Eritrea :The Cuba Of Africa
By Thomas C. Mountain
20 March, 2014
The Cuba of Africa? Authentic journalist Andre Vltchek was the first
person I heard using the expression and it started me thinking about
the small east African country of Eritrea that he was refering to.
The similarities are striking. Both Cuba and Eritrea are small,
independent, socialist and revolutionary. Both are suffering under
sanctions by the USA and both have been maliciously accused of
supporting “terrorism” by the enforcers of Pax Americana.
Cuba and Eritrea have been hit hard by western industrialization
precipitated climate change with Cuba being increasingly hammered by
hurricanes and Eritrea, lying at the eastern end of Africa’s Sahel,
plagued by record breaking droughts.
Both countries have a strong committment to their peoples health and
education with Cuba’s public health system the envy of its neighbors
and Eritrea leading the way in preventing malaria mortality and
HIV/Aids in Africa.
Cuba and Eritrea are both unique to their geographic regions in their
refusal to accept demands to impose western style “democracy” on their
people. Cuba is the only country in Central and South America that
doesn't hold “elections” and Eritrea is the only country in Africa not
to do so.
But what is probably the most important similarity is that the
governments of both country's came to power through the armed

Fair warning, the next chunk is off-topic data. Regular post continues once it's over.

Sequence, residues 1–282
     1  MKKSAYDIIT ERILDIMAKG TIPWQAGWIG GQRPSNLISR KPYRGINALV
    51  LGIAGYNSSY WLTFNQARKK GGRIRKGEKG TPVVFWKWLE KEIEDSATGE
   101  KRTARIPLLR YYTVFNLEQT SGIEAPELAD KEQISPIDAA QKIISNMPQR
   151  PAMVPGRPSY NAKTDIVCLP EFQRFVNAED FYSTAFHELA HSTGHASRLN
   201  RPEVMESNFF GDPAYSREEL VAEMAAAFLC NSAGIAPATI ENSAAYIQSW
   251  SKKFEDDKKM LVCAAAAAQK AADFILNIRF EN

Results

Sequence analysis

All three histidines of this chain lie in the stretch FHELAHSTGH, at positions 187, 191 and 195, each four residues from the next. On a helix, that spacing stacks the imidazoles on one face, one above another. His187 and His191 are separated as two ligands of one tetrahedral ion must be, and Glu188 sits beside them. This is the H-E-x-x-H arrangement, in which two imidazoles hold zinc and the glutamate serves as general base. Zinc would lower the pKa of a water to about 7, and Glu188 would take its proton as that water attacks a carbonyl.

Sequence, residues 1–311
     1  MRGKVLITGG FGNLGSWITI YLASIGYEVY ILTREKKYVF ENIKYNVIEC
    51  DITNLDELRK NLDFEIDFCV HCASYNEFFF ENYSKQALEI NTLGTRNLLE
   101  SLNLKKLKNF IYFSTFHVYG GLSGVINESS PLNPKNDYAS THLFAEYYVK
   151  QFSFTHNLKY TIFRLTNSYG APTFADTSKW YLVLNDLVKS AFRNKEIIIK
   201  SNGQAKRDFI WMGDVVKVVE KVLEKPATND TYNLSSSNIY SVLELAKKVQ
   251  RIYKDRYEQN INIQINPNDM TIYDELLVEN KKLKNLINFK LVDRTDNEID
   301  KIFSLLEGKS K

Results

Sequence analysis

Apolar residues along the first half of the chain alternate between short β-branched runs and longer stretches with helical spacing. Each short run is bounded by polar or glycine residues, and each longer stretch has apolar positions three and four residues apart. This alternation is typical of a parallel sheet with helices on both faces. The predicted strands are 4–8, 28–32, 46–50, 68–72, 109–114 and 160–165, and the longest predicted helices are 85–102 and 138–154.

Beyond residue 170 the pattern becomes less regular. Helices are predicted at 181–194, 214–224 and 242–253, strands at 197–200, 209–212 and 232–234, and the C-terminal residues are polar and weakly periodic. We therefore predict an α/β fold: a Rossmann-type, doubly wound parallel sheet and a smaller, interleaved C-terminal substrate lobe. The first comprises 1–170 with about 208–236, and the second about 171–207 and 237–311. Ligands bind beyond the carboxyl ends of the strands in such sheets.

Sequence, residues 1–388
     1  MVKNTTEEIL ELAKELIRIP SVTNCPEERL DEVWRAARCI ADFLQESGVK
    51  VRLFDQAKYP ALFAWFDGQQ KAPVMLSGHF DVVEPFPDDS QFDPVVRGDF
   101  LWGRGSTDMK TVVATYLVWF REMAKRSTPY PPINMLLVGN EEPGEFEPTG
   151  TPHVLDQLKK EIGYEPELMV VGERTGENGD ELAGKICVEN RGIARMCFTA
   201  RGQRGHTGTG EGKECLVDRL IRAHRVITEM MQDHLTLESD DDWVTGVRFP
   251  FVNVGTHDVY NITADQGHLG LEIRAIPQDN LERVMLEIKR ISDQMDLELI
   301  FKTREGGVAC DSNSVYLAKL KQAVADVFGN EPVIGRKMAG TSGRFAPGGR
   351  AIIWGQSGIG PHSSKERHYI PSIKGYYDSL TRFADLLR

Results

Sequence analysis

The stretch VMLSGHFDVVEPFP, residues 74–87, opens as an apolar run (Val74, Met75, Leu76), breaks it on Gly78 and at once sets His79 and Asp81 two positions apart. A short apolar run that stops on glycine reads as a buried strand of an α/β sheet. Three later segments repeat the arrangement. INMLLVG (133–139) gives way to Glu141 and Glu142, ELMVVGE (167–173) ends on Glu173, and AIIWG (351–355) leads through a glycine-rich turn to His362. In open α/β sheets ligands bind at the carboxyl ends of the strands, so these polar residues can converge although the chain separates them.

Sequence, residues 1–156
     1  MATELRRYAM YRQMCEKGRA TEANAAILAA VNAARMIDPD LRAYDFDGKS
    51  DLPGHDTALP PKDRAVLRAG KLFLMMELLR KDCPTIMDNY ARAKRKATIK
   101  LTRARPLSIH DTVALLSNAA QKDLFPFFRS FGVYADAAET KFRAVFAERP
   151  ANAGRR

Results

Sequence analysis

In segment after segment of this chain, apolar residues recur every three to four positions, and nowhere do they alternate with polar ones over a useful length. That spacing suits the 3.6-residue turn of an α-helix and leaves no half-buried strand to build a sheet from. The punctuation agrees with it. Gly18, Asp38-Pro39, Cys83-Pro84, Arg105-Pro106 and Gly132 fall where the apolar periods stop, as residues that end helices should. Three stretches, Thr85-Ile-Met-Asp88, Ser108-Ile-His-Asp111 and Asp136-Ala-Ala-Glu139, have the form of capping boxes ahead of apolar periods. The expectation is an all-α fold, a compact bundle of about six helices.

struggle, through “the barrel of a gun”.
This puts both in the ranks of a mere handful of such countries that
successfully liberated their country’s in the 20th century.
Many tried but few succeeded, starting with the victory of what became
the Soviet Union in the Russian civil war. This was followed two
decades later by the Chinese revolution under the “Peoples War”
strategy of Mao Tse Tung. Next came Vietnam, following the same
“Peoples War” doctrine under the leadership of Ho Chi Minn. Then came
the Cuban Revolution under the leadership of Fidel Castro in “Peoples
War” short version.
The last successful armed struggle for national liberation in the 20th
century was the Eritrean peoples 30 year independence war that saw
Africa’s first military defeat of a colonialist power resulting in
Today both Cuba and Eritrea are faced with very serious challenges,
both military and economic. Sanctions aimed at crippling their
economies and hurting their people have hit both countries hard. Both
countries are facing military threats either directly by the USA or
via is proxies.
And especially important, both countries are lead by an aging
leadership and are struggling to come up with a strategy that will see
the next generation of leaders keeping their countries on the path of
development that will lead to what the Eritrean President described as
“a rich Eritrea without rich Eritreans”.
Cuba has been liberated for over half a century and Eritrea this week
will celebrate is 23rd year of independence. As Pax Americana finds
it’s role as the only superpower increasingly challenged the role
models Cuba and Eritrea represent are becoming more and more of an
ideological threat to the “paper tiger” that might describe how the
USA is being viewed more and more in today's world.
If the planet is to survive the climate change catastrophe we are
facing it would seem that a radical, revolutionary change is needed.
Maybe its time to start examining just what can be learned from two
small countries that have been at the forefront of resisting the
growing threat of the global warming juggernaut the world is facing.
Thomas C. Mountain is a life long revolutionary activist and educator,
living and writing from Eritrea since 2006. He can be reached at
Comments are moderated